Five years of horror in Syria—17h.,b12-3
In their hometown of Deraa the slogan of the Arab spring: “The people,” they wrote, “want to topple the regime.” Syrian security forces caught the boys and tortured them. When news of the regime’s crime spread, thousands around the country filled the streets of their cities. towns, and villages to make their voices heard. Their protests were peaceful, but the response of Bashar al-Assad’s troops was not. They slaughtered unarmed demonstrators and tortured others in jail. Eventually, the people picked Up arms to defend themselves. Those whom President Obama later deprecated as “former doctors, farmers. pharmacists, and so forth” with no chance against “a well-armed state backed by Russia, backed by Iran, a battle-hardened Hezbollah.” none the less fought back. The clerical regime in Tehran was i helping its Syrian ally Assad to crush the opposition like insects. If he helped the farmers and pharmacists to defend themselves and their families, Obama reasoned, it would damage his chances of doing a deal with the cruel regime that was Assad’s partner in slaughter.
Because the White House saw no strategic logic to arming the opposition, or setting up a no-fly zone or a buffer zone to protect them, malign forces filled the vacuum. First there was the Islamic State and later Russia, and the death toll mounted. Five years and hundreds of thousands of deaths into what has become the most devastating conflict of the 21st century, the war shows no sign of ending. Five years later, it’s still difficult to see the magnitude of it clearly. And some of the key figures are either confused or obfuscating.
Nowhere in John Kerry’s statement listing ISIS’s gruesome I s crimes against Christians, Yazidis, Shiites, and others is there any mention of Bashar al-Assad. The Syrian despot and his allied forces, including Iran, Hezbollah, assorted Shiite militias from around the region, and Russia, are responsible for the vast majority of deaths in the conflict. most of them targeting the country’s Sunni Arab population. To obscure the Syrian butcher’s bloody role is to participate in a cover-up of war crimes on a massive scale., It is not difficult to see why the Obama administration chooses to divert attention away from Assad’s gory campaign—the president wanted a nuclear deal with Iran, and to get it he had to play nice with the clerical regime, which includes, as Obama explained, respecting Iran’s “equities” in Syria.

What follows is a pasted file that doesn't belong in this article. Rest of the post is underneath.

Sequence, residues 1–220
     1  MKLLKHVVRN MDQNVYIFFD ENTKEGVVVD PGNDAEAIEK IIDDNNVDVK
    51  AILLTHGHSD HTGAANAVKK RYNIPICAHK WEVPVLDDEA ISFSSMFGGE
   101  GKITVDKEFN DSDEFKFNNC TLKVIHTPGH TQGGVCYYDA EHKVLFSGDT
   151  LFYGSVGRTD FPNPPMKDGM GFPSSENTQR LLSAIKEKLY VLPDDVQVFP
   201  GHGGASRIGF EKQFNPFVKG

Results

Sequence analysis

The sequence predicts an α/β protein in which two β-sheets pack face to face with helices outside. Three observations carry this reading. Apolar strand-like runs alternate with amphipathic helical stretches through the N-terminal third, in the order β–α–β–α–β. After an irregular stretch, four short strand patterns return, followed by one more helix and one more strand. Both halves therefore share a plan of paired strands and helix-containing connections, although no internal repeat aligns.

Five years on and the Syria conflict has become a three headed monster—a genocide, an increasingly large multipower war involving states and nonstate actors, and a refugee crisis. The world has seen nothing like it since the breakup of the former Yugoslavia. What makes the Syria conflict even more dire, even more consequential is that it affects two major regions of the world, the Middle East and Europe. Indeed, according to some European officials, the Syrian refugee crisis is an existential threat to the EU.
Where the White House has not actively partnered with the regime in Tehran and its allies, it has chosen to excuse Iranian actions. Ballistic missile tests? No big deal. The kidnapping of 10 American sailors? They were treated really well and released the next day. Laying waste to two of Saudi Arabia’s diplomatic missions in Iran? Riyadh was asking for trouble. A genocide in Syria perpetrated by Iran’s ally Assad with a huge assist from Iranian forces? That’s the price you have to pay for a historic nuclear agreement. Obama says he has as much to lose as anyone if the Iran deal goes wrong. It’s got his name on it, he says. So does the war in Syria.
source–weekly std-3/28/6, lee smith,